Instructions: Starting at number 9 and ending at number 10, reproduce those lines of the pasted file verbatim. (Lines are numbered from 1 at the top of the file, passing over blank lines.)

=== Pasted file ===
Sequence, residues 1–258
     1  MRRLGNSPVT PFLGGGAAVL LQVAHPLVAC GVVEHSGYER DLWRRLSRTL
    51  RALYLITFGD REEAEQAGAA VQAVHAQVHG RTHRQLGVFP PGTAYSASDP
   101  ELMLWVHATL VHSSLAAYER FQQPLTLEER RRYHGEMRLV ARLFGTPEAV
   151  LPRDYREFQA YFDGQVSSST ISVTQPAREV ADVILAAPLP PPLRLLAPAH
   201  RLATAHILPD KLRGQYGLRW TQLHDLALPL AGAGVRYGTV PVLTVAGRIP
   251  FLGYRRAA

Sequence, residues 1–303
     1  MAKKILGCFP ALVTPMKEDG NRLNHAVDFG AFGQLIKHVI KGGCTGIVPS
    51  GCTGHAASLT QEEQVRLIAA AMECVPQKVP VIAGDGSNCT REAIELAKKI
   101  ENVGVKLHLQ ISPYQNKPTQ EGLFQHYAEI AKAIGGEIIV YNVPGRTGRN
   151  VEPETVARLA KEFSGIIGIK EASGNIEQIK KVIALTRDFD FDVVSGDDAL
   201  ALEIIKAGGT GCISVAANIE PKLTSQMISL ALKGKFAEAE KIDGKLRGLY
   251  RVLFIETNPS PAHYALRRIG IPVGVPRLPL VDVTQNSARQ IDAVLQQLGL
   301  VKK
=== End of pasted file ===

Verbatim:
     1  MAKKILGCFP ALVTPMKEDG NRLNHAVDFG AFGQLIKHVI KGGCTGIVPS
    51  GCTGHAASLT QEEQVRLIAA AMECVPQKVP VIAGDGSNCT REAIELAKKI